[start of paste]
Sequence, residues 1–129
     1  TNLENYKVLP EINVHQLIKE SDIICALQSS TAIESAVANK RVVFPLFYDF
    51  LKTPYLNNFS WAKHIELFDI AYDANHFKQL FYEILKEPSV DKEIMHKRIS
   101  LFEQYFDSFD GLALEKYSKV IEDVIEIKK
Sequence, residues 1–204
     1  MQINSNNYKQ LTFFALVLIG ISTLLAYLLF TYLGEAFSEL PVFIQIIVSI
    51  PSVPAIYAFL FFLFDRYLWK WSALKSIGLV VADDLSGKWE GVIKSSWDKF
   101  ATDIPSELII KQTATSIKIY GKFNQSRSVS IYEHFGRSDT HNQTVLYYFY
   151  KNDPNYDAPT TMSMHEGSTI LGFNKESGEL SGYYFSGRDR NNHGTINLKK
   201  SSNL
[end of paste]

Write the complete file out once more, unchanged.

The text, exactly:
Sequence, residues 1–129
     1  TNLENYKVLP EINVHQLIKE SDIICALQSS TAIESAVANK RVVFPLFYDF
    51  LKTPYLNNFS WAKHIELFDI AYDANHFKQL FYEILKEPSV DKEIMHKRIS
   101  LFEQYFDSFD GLALEKYSKV IEDVIEIKK
Sequence, residues 1–204
     1  MQINSNNYKQ LTFFALVLIG ISTLLAYLLF TYLGEAFSEL PVFIQIIVSI
    51  PSVPAIYAFL FFLFDRYLWK WSALKSIGLV VADDLSGKWE GVIKSSWDKF
   101  ATDIPSELII KQTATSIKIY GKFNQSRSVS IYEHFGRSDT HNQTVLYYFY
   151  KNDPNYDAPT TMSMHEGSTI LGFNKESGEL SGYYFSGRDR NNHGTINLKK
   201  SSNL